Defining The Minimalist Style
We have all heard the phrase “there is beauty in simplicity” and the minimalist design style exemplifies it. The minimalist style has been favoured by many for years and has become a very popular style of interior design. It is an interior design style that is achieved through the use of delicately placed functional furniture and objects combined with basic, simplified colours. Think a monochrome colour scheme with strict geometrical shapes throughout.
Simplicity and effortlessness sit at the heart of this design style and when achieved correctly can have a profound effect on the atmosphere of a home. Whether you are currently undergoing a home renovation or are looking to spruce up an area of your house, the minimalist style is certainly an interior contender to consider.
4 Minimalistic Elements To Consider In Your Home
There are many distinguishing elements of the minimalist design trend and various versions too, e.g. Japanese minimalism and Swedish minimalism. However, there are a number of core elements that are commonly found in each version of this design style. If you are considering adopting a more minimalistic interior design style in your home, these are the top four elements you must incorporate into your home.
The concept of movement is particularly important when it comes to incorporating minimalism into your home. The modern minimalistic trend evokes and implies a lot of space and calls for the removal of partitions and walls. Consider making your kitchen space an open plan by combining it with a dining area or living space. The idea here is to make all the lines in your home seamless and to create the illusion of space even if you don’t have the square footage to support it.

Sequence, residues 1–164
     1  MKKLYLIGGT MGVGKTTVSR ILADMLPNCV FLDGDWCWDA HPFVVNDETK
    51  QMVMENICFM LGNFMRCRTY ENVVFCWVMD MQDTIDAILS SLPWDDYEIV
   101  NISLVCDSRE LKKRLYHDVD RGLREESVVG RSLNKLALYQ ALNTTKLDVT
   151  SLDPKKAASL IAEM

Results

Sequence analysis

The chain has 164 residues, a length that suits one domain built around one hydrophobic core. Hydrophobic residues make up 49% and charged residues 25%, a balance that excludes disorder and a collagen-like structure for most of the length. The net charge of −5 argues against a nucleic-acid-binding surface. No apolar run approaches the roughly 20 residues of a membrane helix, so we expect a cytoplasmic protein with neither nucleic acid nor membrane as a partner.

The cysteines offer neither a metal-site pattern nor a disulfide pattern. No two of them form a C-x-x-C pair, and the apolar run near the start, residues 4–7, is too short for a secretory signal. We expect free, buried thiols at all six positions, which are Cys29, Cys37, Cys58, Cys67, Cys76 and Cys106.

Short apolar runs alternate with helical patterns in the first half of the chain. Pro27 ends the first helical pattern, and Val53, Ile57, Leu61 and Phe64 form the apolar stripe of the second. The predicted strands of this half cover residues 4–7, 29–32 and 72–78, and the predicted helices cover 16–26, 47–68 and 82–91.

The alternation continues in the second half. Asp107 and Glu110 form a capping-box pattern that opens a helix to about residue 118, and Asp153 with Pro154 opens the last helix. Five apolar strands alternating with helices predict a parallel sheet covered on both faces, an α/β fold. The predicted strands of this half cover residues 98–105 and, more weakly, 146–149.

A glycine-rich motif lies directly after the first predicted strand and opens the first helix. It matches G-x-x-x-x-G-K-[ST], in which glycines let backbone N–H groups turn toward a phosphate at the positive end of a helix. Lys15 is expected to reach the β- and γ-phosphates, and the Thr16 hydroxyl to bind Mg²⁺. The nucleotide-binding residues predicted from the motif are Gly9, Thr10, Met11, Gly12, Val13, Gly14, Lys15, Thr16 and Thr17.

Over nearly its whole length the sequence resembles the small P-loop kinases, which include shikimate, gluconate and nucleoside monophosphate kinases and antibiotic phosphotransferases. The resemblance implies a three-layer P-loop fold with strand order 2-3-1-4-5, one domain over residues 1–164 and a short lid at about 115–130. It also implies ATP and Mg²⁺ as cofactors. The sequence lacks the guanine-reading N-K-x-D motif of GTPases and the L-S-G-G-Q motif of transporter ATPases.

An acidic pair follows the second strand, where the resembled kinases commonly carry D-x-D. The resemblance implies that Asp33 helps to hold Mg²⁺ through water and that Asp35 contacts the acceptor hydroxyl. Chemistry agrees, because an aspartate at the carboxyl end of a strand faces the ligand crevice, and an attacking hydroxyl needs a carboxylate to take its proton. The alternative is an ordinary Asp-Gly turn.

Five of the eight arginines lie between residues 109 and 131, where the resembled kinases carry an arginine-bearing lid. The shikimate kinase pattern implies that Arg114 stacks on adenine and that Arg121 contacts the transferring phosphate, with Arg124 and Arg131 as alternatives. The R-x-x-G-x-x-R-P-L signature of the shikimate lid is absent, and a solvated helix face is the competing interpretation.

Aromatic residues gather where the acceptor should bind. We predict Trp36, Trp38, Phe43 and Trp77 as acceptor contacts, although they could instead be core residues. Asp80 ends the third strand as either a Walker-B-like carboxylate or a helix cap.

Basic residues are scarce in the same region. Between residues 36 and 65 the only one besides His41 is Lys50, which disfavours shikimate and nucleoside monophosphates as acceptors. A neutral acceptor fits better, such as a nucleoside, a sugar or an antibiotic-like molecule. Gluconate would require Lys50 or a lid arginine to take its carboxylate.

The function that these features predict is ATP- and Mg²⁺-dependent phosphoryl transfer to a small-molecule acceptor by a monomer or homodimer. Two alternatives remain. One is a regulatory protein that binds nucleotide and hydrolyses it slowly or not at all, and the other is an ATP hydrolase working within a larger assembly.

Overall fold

The use of natural light is a particularly distinguishing element of the minimalist design trend. Not only does it make your home look bright and airy, but it also helps to enhance the feeling of spaciousness and modernism. Consider incorporating large windows throughout your home to bring as much natural light into the property as possible. If this isn’t an option, placing large mirrors that will reflect the light can also be very impactful. However, natural light is the aim here.
Quality Fixtures & Furniture
A modern and minimalistic design calls for quality fixtures and furniture. Consider investing in designer light fittings, contemporary gas fireplaces and high-grade storage units. These are all impressive and excellent ways to decorate without making your home feel cluttered. When it comes to choosing materials, it is often best to stick to clean cut materials such as chrome steel, glass, ceramics or natural stone. Incorporating these elements as part of the interior design aspects of your home will help you to achieve the atmosphere this design style exudes; simplicity and elegance.
For furniture, consider choosing pieces that have a geometric shape and keep in line with the clean-cut elegance of the fixtures. Pieces with a subtle roundness can enhance the elegance of this design style but should not become the main feature.
The Art Of Decluttering
The minimalist design trend is more than just an interior design style but rather it is a lifestyle. This type of design calls for the process of decluttering. An average household has approximately 300,000 items. By incorporating minimalism as part of interior design, these items will be dramatically reduced. The aim of this design trend is to have a home that enhances the simplicity of living. With little ornaments and belongings taking up unnecessary space, the minimalist style allows you to live in a space that promotes a stress-free and happy way of living.
Finding An Interior Style For You
There are many different interior design styles for individuals to choose from and each style will speak to a person’s personality, interests and lifestyle. So, whether you are decorating your home for the first time or renovating a well-loved house contact Bryant Renovations today and we will help you find the perfect interior style for you.
Related Article: Minimalist trend not for you? Read our article on the 4 Components of Transitional Design.